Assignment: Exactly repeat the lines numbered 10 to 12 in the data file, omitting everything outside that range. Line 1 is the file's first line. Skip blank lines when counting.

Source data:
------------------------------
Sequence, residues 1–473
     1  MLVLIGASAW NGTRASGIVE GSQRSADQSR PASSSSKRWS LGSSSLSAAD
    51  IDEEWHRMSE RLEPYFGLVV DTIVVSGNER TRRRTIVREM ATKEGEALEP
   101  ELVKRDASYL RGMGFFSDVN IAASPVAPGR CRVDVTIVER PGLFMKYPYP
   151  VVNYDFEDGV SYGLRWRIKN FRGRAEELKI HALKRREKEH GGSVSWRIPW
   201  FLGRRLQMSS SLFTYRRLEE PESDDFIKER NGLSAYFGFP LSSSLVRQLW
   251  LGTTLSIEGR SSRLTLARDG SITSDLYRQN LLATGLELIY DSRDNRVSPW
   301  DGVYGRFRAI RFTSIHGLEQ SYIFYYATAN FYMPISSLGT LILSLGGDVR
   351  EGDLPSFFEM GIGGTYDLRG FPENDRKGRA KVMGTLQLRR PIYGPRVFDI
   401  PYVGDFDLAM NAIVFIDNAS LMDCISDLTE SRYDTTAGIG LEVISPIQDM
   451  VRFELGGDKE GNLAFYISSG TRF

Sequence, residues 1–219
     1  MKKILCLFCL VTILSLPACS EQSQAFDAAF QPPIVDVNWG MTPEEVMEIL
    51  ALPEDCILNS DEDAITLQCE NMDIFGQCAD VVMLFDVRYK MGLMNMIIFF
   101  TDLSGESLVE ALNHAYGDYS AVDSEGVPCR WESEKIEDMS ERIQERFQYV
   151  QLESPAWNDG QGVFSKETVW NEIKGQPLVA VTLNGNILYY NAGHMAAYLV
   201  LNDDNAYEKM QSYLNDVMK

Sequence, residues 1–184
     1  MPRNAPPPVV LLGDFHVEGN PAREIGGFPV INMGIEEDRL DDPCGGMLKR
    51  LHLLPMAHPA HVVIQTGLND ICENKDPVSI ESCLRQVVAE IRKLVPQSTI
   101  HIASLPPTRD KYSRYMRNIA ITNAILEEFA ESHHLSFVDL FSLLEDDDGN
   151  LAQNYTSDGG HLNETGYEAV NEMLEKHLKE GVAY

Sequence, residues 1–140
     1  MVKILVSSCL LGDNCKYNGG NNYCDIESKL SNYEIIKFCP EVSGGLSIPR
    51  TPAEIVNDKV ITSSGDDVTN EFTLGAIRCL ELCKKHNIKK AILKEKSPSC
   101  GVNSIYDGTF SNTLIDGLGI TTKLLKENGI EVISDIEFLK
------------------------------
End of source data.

   401  PYVGDFDLAM NAIVFIDNAS LMDCISDLTE SRYDTTAGIG LEVISPIQDM
   451  VRFELGGDKE GNLAFYISSG TRF

Sequence, residues 1–219